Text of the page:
Workers and neighbors still at risk; steps toward a safe cleanup require vigilance from laborers, employers and public
In the aftermath of the massive chemical fires at the International Terminals Co. in Deer Park, Houston’s Faith and Justice Worker Center reminds cleanup workers that all people have the right to a safe workplace, and that vigilance over workplace health risks is especially important in restoration work.
“Employers in cleanup projects have the responsibility to minimize risks, provide task and safety training, and provide personal protective equipment to their employees,” says Marianela Acuña Arreaza, executive director with FJWC, “and workers need to remember they have the right to a safe workplace and to get paid all their hours.”
Peter Dooley of the National Council for Occupational Safety and Health said, “There have been many instances in the past that disaster events have resulted in dire consequences to the first line workers assisting the community in the aftermath. Hurricanes, fires and explosions have all resulted in many worker casualties.”
Many health risks from exposure are immediate, but the aftereffects on responders to Hurricane Katrina in 2005 and the 9/11/2001 terrorist attacks provide sobering evidence that negative impacts may also appear many years in the future.
Luis Vazquez, of the International Chemical Workers Union Council in Cincinnati, noted that firefighters experience elevated rates of cancer diagnoses, and that much of that may be due to increased exposures to the chemical by-products of combustion. Cleanup workers could be exposed to some of the same chemicals and by-products of combustion as well.
To keep workers safe, caution and best practices in cleanup safety are paramount.
“The aftermath of a fire that burned hazardous chemicals could pose at least two hazards--the fallout of contaminated soot from the decomposition products of the fire, and any chemical residue that might still be in the air contamination,” said Dooley. “The biggest hazard is from breathing these substances.”
What to Watch For
Dooley said workers and those who live nearby should watch for soot on surfaces, peculiar smells in the air, and health symptoms, especially breathing problems and rashes or irritations.
Common symptoms include:
coughing, difficulty breathing or burning sensations
irritation and redness to the eyes, nose or throat
headaches, nausea or dizziness
The elderly, pregnant women, children, those with respiratory issues, or the immunosuppressed may be especially impacted. Anyone experiencing these symptoms should go indoors or leave the contaminated area and seek medical care. (Source: Harris County Public Health Alert)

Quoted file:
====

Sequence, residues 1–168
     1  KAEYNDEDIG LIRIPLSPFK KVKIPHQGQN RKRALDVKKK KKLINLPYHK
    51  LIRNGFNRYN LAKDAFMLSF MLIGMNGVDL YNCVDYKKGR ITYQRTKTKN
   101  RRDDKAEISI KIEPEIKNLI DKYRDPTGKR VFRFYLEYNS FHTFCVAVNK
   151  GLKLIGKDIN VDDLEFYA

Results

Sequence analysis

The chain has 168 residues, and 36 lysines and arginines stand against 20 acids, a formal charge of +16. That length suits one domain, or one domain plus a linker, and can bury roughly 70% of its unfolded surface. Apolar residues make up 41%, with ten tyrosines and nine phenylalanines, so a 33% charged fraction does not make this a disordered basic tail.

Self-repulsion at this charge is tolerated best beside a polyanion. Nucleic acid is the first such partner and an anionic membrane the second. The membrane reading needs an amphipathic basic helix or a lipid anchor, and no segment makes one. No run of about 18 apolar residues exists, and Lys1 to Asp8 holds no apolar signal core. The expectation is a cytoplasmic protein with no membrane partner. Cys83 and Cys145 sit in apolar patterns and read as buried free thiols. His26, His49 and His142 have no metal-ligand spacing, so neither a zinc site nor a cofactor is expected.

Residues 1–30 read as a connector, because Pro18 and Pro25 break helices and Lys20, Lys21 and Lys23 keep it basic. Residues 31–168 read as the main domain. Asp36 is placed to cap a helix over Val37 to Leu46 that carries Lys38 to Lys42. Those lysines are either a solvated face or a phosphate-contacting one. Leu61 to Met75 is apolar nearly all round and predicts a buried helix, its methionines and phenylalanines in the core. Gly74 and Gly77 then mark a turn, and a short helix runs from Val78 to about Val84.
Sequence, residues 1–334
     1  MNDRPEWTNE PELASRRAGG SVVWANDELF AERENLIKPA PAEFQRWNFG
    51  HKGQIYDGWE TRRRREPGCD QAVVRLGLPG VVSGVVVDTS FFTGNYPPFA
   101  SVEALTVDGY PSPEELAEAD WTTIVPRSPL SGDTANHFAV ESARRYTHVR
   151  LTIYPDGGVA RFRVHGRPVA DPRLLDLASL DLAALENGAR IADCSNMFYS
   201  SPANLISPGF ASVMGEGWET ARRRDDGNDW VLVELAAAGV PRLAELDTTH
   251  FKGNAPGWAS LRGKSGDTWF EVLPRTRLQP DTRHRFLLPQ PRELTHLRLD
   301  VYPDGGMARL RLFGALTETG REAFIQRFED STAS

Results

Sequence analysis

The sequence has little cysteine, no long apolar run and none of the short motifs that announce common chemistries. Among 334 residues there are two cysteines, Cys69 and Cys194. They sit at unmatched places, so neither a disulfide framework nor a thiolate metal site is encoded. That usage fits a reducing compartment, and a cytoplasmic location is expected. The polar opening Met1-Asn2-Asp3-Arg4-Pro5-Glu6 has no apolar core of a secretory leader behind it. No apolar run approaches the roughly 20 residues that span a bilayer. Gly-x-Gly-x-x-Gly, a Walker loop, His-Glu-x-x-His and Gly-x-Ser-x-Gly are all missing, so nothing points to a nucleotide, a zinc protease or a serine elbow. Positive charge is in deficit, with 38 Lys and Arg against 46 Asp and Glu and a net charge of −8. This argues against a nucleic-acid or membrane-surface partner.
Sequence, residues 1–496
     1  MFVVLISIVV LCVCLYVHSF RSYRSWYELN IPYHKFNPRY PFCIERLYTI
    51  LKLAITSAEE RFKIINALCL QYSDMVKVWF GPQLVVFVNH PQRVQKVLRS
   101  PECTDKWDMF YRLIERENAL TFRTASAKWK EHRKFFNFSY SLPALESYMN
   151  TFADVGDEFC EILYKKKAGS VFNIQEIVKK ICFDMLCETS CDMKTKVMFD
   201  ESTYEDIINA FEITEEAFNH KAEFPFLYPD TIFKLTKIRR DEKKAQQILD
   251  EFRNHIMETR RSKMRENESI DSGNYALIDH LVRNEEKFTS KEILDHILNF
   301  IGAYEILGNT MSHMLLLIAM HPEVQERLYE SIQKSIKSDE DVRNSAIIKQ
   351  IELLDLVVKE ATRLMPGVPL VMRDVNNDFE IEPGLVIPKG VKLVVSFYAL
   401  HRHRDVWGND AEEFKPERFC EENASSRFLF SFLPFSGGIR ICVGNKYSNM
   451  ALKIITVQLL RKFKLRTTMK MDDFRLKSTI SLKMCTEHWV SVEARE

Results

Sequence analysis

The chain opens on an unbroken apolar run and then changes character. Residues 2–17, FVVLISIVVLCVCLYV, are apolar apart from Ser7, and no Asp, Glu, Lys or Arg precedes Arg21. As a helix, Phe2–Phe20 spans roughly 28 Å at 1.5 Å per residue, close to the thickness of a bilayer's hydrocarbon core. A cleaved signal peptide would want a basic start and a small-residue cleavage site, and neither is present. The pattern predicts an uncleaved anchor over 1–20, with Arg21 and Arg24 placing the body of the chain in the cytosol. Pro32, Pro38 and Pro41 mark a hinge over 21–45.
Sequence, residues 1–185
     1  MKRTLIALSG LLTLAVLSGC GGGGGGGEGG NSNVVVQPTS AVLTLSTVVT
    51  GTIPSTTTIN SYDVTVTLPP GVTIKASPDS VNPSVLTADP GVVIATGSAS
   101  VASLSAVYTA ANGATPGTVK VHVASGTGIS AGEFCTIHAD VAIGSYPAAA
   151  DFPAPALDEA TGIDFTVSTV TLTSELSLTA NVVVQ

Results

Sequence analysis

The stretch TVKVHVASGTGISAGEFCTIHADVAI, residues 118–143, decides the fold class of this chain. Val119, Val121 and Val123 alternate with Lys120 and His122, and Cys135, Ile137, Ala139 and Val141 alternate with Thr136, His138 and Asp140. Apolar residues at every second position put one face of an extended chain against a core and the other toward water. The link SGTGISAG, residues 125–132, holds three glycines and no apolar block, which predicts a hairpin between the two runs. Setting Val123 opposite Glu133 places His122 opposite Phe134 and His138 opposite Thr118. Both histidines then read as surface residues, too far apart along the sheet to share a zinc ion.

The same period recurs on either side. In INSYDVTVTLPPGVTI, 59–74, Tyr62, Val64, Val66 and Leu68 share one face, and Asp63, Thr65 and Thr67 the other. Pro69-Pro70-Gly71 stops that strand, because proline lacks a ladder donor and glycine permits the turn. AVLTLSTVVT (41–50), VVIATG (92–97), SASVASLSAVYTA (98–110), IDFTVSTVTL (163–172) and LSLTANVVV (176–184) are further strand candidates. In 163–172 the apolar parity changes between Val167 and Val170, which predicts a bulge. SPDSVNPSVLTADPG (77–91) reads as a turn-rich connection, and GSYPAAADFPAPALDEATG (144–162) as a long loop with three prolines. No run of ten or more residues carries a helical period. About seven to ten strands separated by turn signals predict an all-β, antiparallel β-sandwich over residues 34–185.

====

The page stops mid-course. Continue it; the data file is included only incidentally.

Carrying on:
What Do Workers Need?
Workers have the right to receive training from their employers about the hazardous materials they may encounter, best practices to protect themselves, and what to do if they see an unsafe situation. They should receive from their employers safety data sheets for the chemicals involved in the fire, including the effects of burning on the chemicals and what kinds of decomposition products result. Employers should discuss this information and ensure that workers understand it. They should also distribute information issued by the Harris County Public Health Department.
Workers may need personal protective equipment depending on the specific conditions resulting from the fires. If soot is present, workers need to know about and use special procedures like damp or wet wipe cleaning.
FJWC urges employers to seek out and distribute all information about the risks and potential risks of working in the affected areas to their workers, and to make clear that reports of unsafe work conditions are helpful to the efforts to restore the area and to be encouraged.
Workers are invited to call the FJWC’s labor rights hotline if they have concerns about their safety and would like to know more about the protections they are entitled to.
“When you’re in a situation in which you’re not sure whether your workplace is safe, or whether there are hazards that can’t be foreseen, it’s important to keep a ‘good worry,’” said Marianela Acuña Arreaza, executive director for FJWC. “Don’t assume you’re safe because other people are doing the same things, or because there has been an announcement. Evaluate the dangers for yourself as best you can, and if you are uneasy, seek out more information from a source you trust, or just stay on the safe side.”
Any symptoms or questions about exposure should be referred to the Harris County Public Health Department at 713-439-6012. Unsafe workplaces can be reported to FJWC’s hotline at 713-862-8222 and Occupational Safety and Health Agency.
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